Beginning of climate conference in Copenhagen – Contradictory signals from Russia

Beginning of climate conference in CopenhagenBeginning of climate conference in CopenhagenIn spite of the start of the UN conference on climate change in Copenhagen, top Russian officials make contradictory statements on GHG reduction commitments. In the end of November, President Medvedev declared new Russian targets on GHG emission cuts. At the first day of the conference, the Minister for nature resources Trutnev said that it is “not very possible” to talk about specific numbers of Russian commitments. On 8 December at the press conference in Bella Centre, where the UN climate talks take place, Russian NGOs commented the Russian climate policy.

On 7 December, the UN conference on climate change started in Copenhagen. The ambitious aim of the conference is drafting the international agreement to replace the Kyoto Protocol that expires in 2012. In spite of the beginning of the conference, top Russian officials make contradictory statements on GHG reduction commitments. On 18 November, President Medvedev declared that Russia will keep GHG emissions in 2020 at the 75% level of 1990 baseline. Meanwhile, at the first day of the conference, the Minister for nature resources Trutnev said that it is “not very possible” to talk about specific numbers of Russian commitments.

At the press conference in Bella Centre Russian NGOs commented the Russian climate policyAt the press conference in Bella Centre Russian NGOs commented the Russian climate policyOn 8 December at the press conference in Bella Centre, where the UN climate talks take place, Russian NGOs commented the Russian climate policy.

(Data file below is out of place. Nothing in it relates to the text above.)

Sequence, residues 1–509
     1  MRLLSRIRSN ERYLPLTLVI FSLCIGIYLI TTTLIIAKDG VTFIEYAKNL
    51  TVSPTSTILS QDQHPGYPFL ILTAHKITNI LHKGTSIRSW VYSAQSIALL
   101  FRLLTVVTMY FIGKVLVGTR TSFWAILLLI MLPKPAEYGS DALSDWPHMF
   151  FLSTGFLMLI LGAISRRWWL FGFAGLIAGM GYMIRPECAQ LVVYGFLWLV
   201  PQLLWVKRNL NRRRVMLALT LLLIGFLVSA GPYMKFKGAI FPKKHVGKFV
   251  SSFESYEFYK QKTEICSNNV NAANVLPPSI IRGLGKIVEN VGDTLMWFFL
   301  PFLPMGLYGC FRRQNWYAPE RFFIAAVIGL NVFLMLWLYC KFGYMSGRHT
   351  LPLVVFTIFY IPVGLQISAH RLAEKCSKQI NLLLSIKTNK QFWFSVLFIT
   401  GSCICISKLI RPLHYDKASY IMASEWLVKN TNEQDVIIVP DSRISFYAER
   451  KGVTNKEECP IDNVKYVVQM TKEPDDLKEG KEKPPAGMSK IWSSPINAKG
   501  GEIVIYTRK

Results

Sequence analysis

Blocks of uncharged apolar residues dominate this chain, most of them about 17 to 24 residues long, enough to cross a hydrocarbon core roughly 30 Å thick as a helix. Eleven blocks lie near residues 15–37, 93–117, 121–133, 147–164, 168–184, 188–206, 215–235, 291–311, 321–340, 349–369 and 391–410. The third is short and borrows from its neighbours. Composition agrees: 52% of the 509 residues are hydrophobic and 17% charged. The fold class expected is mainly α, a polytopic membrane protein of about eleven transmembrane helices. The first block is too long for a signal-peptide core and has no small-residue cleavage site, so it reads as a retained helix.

Alexey Kokorin (WWF, Moscow)
said that GHG emission cuts by 25 % actually mean ‘business as usual’ scenario. Russia could easily take -35% commitments.

Vladimir Slivyak (Ecodefense)
presented the first December issue of the information leaflet Below 2o, which has been published during UN climate talks since December 2008 and reflects the critical opinion of Russian NGO-observers at the UNFCCC negotiations.

Elena Kobets (Bellona) stressed the necessity to consider the problem of “black carbon” from burning agricultural wastes in the international agreement.

Olga Senova (Climate Secretariat of the Russian Socio-Ecological Union) commented that Russia’s potential in energy efficiency and renewables allows for limiting emissions at the level of 65% of the 1990 baseline and gives opportunities for their further decrease. Russian NGOs stated this position in their Appeal sent to the Russian President and the Government.

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